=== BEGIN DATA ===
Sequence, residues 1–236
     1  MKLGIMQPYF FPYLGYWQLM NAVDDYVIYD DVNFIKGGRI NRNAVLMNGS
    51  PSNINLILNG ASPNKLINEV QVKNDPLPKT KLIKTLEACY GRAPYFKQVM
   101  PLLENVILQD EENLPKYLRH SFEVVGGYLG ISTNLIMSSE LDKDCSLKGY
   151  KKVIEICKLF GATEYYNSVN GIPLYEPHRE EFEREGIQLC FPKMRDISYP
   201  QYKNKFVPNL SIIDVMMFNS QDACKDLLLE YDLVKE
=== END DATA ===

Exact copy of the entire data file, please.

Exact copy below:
Sequence, residues 1–236
     1  MKLGIMQPYF FPYLGYWQLM NAVDDYVIYD DVNFIKGGRI NRNAVLMNGS
    51  PSNINLILNG ASPNKLINEV QVKNDPLPKT KLIKTLEACY GRAPYFKQVM
   101  PLLENVILQD EENLPKYLRH SFEVVGGYLG ISTNLIMSSE LDKDCSLKGY
   151  KKVIEICKLF GATEYYNSVN GIPLYEPHRE EFEREGIQLC FPKMRDISYP
   201  QYKNKFVPNL SIIDVMMFNS QDACKDLLLE YDLVKE